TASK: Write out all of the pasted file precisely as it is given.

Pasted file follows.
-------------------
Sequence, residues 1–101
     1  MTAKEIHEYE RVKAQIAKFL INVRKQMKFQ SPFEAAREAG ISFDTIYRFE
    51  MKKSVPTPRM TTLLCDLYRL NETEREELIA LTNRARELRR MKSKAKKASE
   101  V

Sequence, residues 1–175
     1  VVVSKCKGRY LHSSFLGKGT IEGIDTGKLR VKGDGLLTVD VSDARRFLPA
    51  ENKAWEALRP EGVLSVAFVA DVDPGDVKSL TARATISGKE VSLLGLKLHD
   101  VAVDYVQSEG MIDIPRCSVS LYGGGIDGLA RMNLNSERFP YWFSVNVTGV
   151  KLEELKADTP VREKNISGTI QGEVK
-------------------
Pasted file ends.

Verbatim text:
Sequence, residues 1–101
     1  MTAKEIHEYE RVKAQIAKFL INVRKQMKFQ SPFEAAREAG ISFDTIYRFE
    51  MKKSVPTPRM TTLLCDLYRL NETEREELIA LTNRARELRR MKSKAKKASE
   101  V

Sequence, residues 1–175
     1  VVVSKCKGRY LHSSFLGKGT IEGIDTGKLR VKGDGLLTVD VSDARRFLPA
    51  ENKAWEALRP EGVLSVAFVA DVDPGDVKSL TARATISGKE VSLLGLKLHD
   101  VAVDYVQSEG MIDIPRCSVS LYGGGIDGLA RMNLNSERFP YWFSVNVTGV
   151  KLEELKADTP VREKNISGTI QGEVK